This bike strikes me as a little odd up here at the sharp end. The left side features the older style alloy lever mount and switchgear, while the other side with its newly fangled disc brake hydraulics has the more modern style housing albeit with the same older style switchgear. However, it is the later type switchgear that is the problem. A close scrutiny of the brake light switch revealed that its tiny nylon trigger was way offset and thus missing engagement with the lever screw. Solution was to drill out the mounting hole so that the switch could be repositioned. Trials seemed hopeful, so the entire assembly was reinstated and the switch was now working.

The clocks were now fitted and both mountings behaved the best they have ever done on this bike. The gauges were leaned slightly inboard so that their respective cables had clearance from the headlight brackets, which showed evidence of interaction in the past. Just about every piece of equipment in the handlebar area interacts with some other, so the location of most parts is dictated by another. The trick is to try them all in various arrangements while observing what takes place when moving the 'bars from lock to lock. You then choose the path of least resistance.

As happy as it can be..

It is obvious in this photo that the headlight mounting shrouds are now properly located inside the lower extremities of the upper triple clamp. Happily enough, all the other bits are now also in their correct place.

This chapter can now be eliminated from further enquiries.


Matters have today progressed from this..

Sadly degraded.. a more "coming back" sort of scenario..

The absence of conventional exhaust headers makes this bike look exceedingly trim.

So sleek it could be a Brylcreem ad..

From here it was simply too tempting not to assemble the entire exhaust system for a final trial fit. There is some monkeying to be done with the muffler mountings so that no excess stress is transmitted to the manifold, which previously was tending to spring the headers off the exhaust stubs.

A bit of fine tuning of those mountings promises to allay that particular tendency, which will also reduce an apparent trend to allow exhaust leaks at the manifold.

So - it is going to look like this.


This is a most attractive machine.!

I must register here a particular attraction to this paint colour that I think Triumph called "Spring Gold". As can be seen in some of the photos, it has a definite green aspect which is most appealing. I rate this as my most favourite tank colour of all.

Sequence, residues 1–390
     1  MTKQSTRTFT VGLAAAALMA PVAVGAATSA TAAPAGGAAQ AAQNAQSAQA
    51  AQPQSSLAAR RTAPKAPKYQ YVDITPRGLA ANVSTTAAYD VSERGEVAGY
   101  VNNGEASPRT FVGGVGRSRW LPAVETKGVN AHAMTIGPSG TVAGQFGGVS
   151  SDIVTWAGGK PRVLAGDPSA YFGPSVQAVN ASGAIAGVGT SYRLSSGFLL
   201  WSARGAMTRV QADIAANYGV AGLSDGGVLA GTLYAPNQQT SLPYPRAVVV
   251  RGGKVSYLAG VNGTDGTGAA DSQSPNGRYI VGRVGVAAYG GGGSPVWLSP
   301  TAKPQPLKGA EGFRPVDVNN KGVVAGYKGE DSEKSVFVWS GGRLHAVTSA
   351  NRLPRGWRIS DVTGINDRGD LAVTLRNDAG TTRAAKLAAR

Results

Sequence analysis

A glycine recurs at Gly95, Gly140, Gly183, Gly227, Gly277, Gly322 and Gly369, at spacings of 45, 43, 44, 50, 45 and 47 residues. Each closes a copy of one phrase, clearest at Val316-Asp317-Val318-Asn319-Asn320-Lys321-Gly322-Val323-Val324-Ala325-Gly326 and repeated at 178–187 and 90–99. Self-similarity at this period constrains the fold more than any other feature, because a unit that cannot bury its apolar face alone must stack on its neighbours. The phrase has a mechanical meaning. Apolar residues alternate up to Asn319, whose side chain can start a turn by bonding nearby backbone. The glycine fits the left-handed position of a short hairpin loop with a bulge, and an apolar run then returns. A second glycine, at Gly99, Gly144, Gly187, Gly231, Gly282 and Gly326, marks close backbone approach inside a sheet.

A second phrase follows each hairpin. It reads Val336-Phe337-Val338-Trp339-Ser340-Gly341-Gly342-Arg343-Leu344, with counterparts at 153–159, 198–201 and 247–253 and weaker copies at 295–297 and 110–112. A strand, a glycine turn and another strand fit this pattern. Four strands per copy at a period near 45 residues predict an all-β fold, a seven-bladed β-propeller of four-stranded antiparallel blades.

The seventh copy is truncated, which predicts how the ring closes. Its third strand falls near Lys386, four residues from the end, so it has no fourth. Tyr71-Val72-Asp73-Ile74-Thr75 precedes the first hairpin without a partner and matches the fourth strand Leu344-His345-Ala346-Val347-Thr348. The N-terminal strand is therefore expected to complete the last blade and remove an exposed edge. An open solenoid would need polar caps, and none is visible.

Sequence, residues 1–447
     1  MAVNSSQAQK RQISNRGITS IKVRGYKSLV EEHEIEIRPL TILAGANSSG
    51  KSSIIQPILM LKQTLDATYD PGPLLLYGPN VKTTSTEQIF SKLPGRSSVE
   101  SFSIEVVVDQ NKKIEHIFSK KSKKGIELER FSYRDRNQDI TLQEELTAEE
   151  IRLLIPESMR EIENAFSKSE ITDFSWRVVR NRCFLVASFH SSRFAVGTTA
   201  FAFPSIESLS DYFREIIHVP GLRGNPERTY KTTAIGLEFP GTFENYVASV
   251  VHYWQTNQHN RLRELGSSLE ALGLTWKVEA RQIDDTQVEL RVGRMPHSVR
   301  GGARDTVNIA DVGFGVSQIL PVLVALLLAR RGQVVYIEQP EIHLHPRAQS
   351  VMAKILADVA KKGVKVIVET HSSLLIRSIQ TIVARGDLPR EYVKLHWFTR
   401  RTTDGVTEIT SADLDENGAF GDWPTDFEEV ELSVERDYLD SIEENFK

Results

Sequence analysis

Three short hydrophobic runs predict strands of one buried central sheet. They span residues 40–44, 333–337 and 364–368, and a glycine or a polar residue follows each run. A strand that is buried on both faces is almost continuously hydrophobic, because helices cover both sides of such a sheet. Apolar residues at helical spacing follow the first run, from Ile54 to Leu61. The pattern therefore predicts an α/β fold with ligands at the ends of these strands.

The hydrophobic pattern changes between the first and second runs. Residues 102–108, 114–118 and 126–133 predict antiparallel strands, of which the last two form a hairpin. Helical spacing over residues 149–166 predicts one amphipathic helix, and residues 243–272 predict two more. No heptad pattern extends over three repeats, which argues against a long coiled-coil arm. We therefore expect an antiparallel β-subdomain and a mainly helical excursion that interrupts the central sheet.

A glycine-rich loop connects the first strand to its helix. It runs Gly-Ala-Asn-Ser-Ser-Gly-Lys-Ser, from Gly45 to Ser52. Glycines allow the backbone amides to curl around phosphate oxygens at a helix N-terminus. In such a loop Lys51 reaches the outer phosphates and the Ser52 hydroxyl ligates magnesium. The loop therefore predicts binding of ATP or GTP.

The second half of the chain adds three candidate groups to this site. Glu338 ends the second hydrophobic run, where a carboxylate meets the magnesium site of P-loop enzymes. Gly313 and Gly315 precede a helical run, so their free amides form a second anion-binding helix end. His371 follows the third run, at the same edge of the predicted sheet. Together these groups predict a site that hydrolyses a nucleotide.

Yay - the weekend. Often it brings even more work than I do during the week, but it feels different. People have more time to chat.

This morning I am expecting a new owner of a T150 with problems to call in, so I am attending to details while I await the arrival. Mostly this consists of finalising the muffler mounting bracketry which is nearing its ultimate form. Previously the mounts were pulling the mufflers inboard to the extent that the manifold was losing grip and allowing the headers to pull away on the right side to the point that gas leakage was inevitable.

I had tried forcing the pipes inwards whilst retaining the headers with a wooden wedge, but was unsure if this had elicited any useful improvement. Yesterdays fit up had shown that I had been partially successful, but there was still a little too much tension on the muffler mounts. I had made an extra bracket to compensate for an error in the design of the mount supplied with the exhaust system, and mounted it behind the existing one. It now occurred to me that if I moved it to the front of the OEM job I might cure that issue.

So I did.

And it did.

The crux of it all..

As there are no other supports at all between the cylinder head exhaust stubs and these mounts, they need to be very rigid, and in a position that does not induce tension on the headers, which might encourage them to move on the exhaust stubs. As it had. I now think I have it all in the best overall position, so I can finalise the manifold joint and this bike is complete.